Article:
*Mathematica* is the world's premier mathematical software. Not
only does it have a wealth of built-in, highly optimized mathematical
functions, but it is also a programming language, and thus, one
can contrive one's own functions. It has beautiful PostScript
graphical output, and allows typeset-quality mathematical notation.
This very remarkable program was pioneered by Stephen Wolfram,
and developed with the help of many others, notably Roman Maeder
and Theodore Gray.

My own introduction to *Mathematica* was
in 1988, I believe, when word came that it would be ported to
the Macintosh operating system. I saw the debut of the Mac version
at MacWorld Expo in San Francisco, in 1989. Its 3D graphics were
of special appeal to me, but for years I lacked a computer powerful
enough to run the program. Finally, about 1995, I got my foot
in the door.

At that time I had been programming in BASIC
for several years, beginning with a Commodore Plus 4 in 1987,
and continuing with a Mac Plus, and then a Mac Classic. I had
devised algorithms to construct the polar zonohedra, of arbitrary
complexity and proportion, and perform parallel projections onto
an arbitrary plane. I could make animations of rotations, and
also devised algorithms to construct what I call "expansions"
of polar zonohedra. *Mathematica* posed quite a challenge
at first.

Pursuing the challenge, I continued working with polar zonohedra, and branched out into curious variants I discovered, naming them spirallohedra, and eventually tackled the regular polytopes in four dimensions. Several of my notebooks may be downloaded below. You will need Stuffit Expander (Mac or Windows version) to decompress the notebooks.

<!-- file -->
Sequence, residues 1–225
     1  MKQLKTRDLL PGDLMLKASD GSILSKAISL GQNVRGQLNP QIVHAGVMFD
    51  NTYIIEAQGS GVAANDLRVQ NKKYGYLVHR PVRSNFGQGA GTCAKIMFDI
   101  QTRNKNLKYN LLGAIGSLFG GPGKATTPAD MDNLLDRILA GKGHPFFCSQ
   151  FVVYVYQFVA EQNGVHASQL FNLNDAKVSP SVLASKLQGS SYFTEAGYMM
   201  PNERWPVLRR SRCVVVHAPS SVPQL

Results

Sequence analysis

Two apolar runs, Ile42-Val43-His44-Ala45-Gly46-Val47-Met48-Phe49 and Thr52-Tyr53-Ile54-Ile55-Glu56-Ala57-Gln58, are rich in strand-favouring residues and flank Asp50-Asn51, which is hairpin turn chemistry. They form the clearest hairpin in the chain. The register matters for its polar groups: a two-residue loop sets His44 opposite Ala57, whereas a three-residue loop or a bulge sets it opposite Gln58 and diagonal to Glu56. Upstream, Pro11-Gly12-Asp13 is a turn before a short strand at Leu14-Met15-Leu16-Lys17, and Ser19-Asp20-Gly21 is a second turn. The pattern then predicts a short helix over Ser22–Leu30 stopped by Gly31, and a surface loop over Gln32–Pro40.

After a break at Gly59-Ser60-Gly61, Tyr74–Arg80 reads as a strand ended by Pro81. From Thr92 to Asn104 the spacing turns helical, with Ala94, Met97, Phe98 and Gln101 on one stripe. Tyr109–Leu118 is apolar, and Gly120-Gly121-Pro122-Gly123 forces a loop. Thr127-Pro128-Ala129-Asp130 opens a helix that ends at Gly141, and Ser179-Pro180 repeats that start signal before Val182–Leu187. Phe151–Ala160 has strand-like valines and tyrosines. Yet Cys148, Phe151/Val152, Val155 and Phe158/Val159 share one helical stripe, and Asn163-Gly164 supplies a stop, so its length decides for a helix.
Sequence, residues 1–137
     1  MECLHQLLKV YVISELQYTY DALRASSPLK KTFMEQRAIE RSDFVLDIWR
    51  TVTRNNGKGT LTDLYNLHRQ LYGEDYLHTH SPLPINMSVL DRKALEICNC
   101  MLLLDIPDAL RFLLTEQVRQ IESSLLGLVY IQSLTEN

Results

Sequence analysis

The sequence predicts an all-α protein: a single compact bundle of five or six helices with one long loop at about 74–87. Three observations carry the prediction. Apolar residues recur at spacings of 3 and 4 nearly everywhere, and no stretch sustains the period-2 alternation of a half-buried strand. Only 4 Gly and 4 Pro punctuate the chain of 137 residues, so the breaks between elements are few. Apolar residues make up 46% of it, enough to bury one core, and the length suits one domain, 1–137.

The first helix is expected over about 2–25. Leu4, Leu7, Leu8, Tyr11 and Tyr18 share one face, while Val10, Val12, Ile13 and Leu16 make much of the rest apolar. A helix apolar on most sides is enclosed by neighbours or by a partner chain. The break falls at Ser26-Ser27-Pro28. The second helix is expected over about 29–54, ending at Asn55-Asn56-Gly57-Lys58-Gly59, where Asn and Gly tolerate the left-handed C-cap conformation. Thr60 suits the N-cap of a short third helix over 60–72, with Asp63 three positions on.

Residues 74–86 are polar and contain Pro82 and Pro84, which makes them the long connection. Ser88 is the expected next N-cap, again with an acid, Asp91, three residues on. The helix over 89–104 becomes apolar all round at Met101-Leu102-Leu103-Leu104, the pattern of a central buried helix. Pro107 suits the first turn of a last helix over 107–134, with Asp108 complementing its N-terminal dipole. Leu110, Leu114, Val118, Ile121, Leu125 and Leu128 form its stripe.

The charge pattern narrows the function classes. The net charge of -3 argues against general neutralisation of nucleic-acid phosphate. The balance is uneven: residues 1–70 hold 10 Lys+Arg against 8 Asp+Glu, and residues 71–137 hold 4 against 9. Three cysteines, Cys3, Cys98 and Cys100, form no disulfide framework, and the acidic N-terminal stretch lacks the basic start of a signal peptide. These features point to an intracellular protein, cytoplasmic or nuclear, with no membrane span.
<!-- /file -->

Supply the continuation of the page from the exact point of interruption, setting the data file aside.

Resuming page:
An n=5 rhombic spirallohedron.

A close-packing of rhombic spirallohedra.

Download the Spirallohedra notebook (needs Stuffit Expander to decompress)

The dodecahedral expansion of a polar zonohedron.

A skew dodecahedral expansion of a polar zonohedron.

Download the Expansion notebook (needs Stuffit Expander to decompress)

A parallelogrammic/rhombic helicoid. The faces have been sorted by surface area and colors assigned to each subset.

Download the Helicoid notebook (needs Stuffit Expander to decompress)

3D zonotiles; above, an edge=3 zonotile based upon the truncated icosidodecahedron, in which only some of the zonohedral tiles were displayed. leaving gaps and holes. Below, the same zonotile, with an equatorial region of the zonohedra displayed. Note the truncated icosidodecahedron (an Archimedean solid) in the center.

Download the 3D Zonotile notebook (needs Stuffit Expander to decompress)

Above: A hidden-detail-removed, cube-first
projection of the truncated 24-cell, {3,4,3}. Note that this induces
a tiling of a zonohedron by smaller zonohedra: a 3D zonotile.
Created using my *Regular Polytopes* notebook, rendered in
POV-Ray.

A vertex-first projection of the regular four-dimensional star polytope, {3,3,5/2}, into a 3-space.

Download the Regular Polytopes notebook (needs Stuffit Expander to decompress)

A "star" polar zonohedron, in which the usual cyclic ordering which characterizes a convex polar zonohedron (or convex regular polygon) was abandoned, and the ordering which characterizes a regular star polygon substituted. When the ordering is such that a compound of polygons would occur, instead of a star polygon, "bead" zonohedra arise.

Download the StarBead notebook (needs Stuffit Expander to decompress)

Download the Zonohedral Completion notebook (needs Stuffit Expander to decompress)

Download the 2D Zonotiles notebook (needs Stuffit Expander to decompress)

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